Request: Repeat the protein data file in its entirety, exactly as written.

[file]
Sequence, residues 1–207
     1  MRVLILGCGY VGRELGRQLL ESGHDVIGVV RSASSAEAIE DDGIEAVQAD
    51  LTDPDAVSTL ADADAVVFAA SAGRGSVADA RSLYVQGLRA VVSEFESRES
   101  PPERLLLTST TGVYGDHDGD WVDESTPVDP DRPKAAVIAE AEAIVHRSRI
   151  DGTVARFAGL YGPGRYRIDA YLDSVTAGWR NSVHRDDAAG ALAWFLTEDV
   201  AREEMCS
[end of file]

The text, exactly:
Sequence, residues 1–207
     1  MRVLILGCGY VGRELGRQLL ESGHDVIGVV RSASSAEAIE DDGIEAVQAD
    51  LTDPDAVSTL ADADAVVFAA SAGRGSVADA RSLYVQGLRA VVSEFESRES
   101  PPERLLLTST TGVYGDHDGD WVDESTPVDP DRPKAAVIAE AEAIVHRSRI
   151  DGTVARFAGL YGPGRYRIDA YLDSVTAGWR NSVHRDDAAG ALAWFLTEDV
   201  AREEMCS